#207199

    anita
    Participant

    Dear Anna:

    You want to stop feeling resentment, anger, that is at your ex boyfriend. You wrote: “I am not angry with him because his emotions changed”- why are you angry at him then?

    I ask because understanding your anger at him is the beginning of resolving it.

    anita

    #207389

    Airene
    Participant

    Hello Anna,

    I agree with Pink24 about having no contact, especially if being in contact with him puts you in distress, or if you are in contact with him because you hope he might have a change of heart.  It sounds like at this point, it might be too much for you to be around him as a friend.

    You ask how to move on without resentment.  It might help to remind yourself that your relationship had the challenge of distance.  This has nothing personal to do with your character or his.  It's just a circumstance of the relationship.  There is also the fact that this was the first serious relationship for both of you.  If this changed his feelings, it really has nothing to do with you or your character.  It's just a fact of the relationship.

    You ask how to deal with the emotions of someone falling out of love with you.  Because this is your first serious relationship, I imagine this is just heartbreaking.  I hope you are able to recognize and acknowledge at some point that his “falling out of love with you” (is that what he said, by the way?  Or is that what you interpreted?) probably has about less than .01% to do with you and the rest is all about him and where he's at in his life.  It's human nature to feel that as rejection, but if you really think about it, he wasn't rejecting you as much as he was rejecting the situation.  He changed his mind.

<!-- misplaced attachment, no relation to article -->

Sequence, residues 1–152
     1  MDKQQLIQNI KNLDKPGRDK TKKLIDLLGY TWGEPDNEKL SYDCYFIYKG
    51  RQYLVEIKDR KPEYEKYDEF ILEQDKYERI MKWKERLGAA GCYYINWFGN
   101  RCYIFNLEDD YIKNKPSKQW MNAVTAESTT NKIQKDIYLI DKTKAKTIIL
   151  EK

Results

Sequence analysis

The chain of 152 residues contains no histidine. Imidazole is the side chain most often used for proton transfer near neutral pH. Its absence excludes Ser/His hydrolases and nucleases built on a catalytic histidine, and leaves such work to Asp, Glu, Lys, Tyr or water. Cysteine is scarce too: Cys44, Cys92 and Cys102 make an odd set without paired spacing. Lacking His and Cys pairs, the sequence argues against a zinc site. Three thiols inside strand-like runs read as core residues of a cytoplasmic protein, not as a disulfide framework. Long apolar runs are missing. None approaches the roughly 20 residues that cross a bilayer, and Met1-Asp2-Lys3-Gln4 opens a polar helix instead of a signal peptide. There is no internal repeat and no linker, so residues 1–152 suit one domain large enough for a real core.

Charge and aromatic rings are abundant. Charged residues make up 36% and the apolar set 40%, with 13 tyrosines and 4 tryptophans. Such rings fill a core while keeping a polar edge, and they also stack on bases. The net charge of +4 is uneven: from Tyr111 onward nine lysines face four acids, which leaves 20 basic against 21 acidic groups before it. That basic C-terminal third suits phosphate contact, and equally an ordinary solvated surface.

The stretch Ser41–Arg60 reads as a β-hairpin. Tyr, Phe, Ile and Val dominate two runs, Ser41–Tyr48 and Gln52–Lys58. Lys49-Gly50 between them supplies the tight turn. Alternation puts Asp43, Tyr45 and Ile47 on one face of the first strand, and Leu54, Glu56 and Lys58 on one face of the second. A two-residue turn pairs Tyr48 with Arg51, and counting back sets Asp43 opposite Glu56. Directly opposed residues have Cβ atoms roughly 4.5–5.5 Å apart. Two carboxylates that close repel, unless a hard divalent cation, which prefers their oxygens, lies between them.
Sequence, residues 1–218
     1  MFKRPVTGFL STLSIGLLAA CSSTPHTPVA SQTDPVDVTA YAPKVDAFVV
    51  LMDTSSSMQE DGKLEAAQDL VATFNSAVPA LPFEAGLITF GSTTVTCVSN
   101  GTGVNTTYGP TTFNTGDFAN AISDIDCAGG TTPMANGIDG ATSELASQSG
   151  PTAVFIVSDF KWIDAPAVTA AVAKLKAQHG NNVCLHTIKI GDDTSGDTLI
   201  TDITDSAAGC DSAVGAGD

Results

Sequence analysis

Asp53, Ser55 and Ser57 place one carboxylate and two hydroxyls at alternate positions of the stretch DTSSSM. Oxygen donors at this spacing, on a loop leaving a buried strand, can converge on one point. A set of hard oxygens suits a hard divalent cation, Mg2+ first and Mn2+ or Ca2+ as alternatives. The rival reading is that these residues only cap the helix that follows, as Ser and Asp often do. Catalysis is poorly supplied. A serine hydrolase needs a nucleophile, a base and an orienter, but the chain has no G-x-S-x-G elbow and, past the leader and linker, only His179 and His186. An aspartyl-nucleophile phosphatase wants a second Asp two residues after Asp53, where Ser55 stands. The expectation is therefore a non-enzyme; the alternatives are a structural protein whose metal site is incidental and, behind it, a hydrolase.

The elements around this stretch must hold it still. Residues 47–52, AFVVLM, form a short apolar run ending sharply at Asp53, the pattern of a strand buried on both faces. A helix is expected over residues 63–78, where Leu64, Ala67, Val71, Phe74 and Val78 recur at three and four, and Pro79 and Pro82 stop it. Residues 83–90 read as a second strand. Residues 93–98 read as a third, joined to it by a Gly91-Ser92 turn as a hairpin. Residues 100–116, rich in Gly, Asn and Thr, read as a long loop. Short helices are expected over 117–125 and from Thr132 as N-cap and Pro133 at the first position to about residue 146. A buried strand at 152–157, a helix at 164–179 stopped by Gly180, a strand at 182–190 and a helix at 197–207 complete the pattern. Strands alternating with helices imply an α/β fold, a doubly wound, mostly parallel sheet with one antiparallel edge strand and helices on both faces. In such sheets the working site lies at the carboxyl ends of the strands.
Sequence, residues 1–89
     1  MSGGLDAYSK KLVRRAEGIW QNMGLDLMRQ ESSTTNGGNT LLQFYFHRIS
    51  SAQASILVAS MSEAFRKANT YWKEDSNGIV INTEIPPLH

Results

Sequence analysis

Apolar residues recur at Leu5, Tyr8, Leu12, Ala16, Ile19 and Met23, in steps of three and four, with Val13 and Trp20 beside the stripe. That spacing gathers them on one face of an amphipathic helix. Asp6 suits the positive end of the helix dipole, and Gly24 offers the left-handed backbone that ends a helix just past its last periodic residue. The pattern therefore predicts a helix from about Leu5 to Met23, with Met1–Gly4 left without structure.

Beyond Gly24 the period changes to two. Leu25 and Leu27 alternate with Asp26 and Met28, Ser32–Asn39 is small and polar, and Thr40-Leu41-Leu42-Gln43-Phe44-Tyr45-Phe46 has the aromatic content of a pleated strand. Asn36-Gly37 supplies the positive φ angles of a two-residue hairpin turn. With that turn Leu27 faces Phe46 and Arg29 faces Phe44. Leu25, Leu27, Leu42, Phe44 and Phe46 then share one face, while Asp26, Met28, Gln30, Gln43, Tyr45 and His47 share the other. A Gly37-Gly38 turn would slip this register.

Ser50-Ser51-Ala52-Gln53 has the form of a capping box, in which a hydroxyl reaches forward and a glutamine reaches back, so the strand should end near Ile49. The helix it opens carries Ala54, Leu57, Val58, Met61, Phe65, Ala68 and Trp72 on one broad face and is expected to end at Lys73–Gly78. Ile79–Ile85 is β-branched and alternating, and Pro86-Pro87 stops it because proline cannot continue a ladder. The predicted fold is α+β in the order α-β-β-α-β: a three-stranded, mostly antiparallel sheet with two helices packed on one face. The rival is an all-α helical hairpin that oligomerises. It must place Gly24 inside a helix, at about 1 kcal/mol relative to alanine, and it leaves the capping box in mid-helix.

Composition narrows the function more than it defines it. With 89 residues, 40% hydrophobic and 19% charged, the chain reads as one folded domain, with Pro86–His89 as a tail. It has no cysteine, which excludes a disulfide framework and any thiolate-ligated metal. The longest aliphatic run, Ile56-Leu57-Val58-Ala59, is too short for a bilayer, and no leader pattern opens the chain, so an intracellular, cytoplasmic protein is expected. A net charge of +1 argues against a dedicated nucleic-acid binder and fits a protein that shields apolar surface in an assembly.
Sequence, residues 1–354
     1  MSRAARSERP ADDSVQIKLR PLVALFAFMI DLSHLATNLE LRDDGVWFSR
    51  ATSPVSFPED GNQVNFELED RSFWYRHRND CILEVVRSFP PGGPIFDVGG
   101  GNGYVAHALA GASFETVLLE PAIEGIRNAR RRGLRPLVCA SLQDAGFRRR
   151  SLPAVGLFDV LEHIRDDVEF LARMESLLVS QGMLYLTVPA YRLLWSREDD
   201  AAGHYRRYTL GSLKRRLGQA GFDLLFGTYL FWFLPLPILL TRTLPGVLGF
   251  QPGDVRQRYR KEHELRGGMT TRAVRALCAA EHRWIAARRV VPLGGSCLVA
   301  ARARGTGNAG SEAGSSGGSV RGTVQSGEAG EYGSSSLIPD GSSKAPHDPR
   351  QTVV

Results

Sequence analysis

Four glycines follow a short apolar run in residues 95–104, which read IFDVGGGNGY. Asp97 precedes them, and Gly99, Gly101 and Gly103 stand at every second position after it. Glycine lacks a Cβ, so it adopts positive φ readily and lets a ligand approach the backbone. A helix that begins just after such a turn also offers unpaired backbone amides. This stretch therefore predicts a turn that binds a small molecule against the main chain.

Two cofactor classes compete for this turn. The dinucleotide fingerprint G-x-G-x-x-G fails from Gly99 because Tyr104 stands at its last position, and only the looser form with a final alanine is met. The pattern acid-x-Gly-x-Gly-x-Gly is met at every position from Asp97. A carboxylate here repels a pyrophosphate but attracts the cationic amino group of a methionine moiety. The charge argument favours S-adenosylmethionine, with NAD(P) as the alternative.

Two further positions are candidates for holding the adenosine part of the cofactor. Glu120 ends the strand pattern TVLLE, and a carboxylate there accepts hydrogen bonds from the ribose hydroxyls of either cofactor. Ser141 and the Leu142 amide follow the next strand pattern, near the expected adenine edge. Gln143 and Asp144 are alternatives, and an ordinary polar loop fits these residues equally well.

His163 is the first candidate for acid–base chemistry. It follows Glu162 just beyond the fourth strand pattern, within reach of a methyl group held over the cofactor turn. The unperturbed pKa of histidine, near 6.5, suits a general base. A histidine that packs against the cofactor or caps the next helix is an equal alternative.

You, however, seem to be in a place in your life that was just fine having him by your side.  And that is something you now know about yourself – that you are ready for a serious, committed relationship.  And you deserve that from someone who is able to give you that.

    The hard thing about loving someone unconditionally and deeply is that the love may stop one day, or it might not be returned in the way you want or need it.  If you're feeling resentment, maybe you can find a way to read that as gratitude – because he told you, and now you are free to move forward and find someone who will love you the way you deserve.

    Please post again, and just know that things will get better.

    Airene

    #207431

    Inky
    Participant

    Hi Anna,

    It stings because he was the one to feel lukewarm first.

    This is what will (eventually) happen: As the months/seasons go by, you will see him or see pictures of him, and you will realize that he's not that great. THAT you will resent. You will be embarrassed at yourself. There will be an element of “HE dumped ME?  Is he nuts?”

    On the flip side, this summer, he SHOULD see you. Once. You will be in a (new) sun dress with shades, laughing. A cute date by your side will be even better. And then, and then… he won't see you again for the rest of the summer. One time in late July your mutual friends will gladly tell him you will be there soon, soon, don't worry, old boyfriend….. but no, sorry, you and Andre forgot you have the hiking group/concert/Burning Man/wedding. Maybe Labor Day??

    Anyway, that's what will happen.

    His loss, which he WILL feel keenly, I promise.

    Inky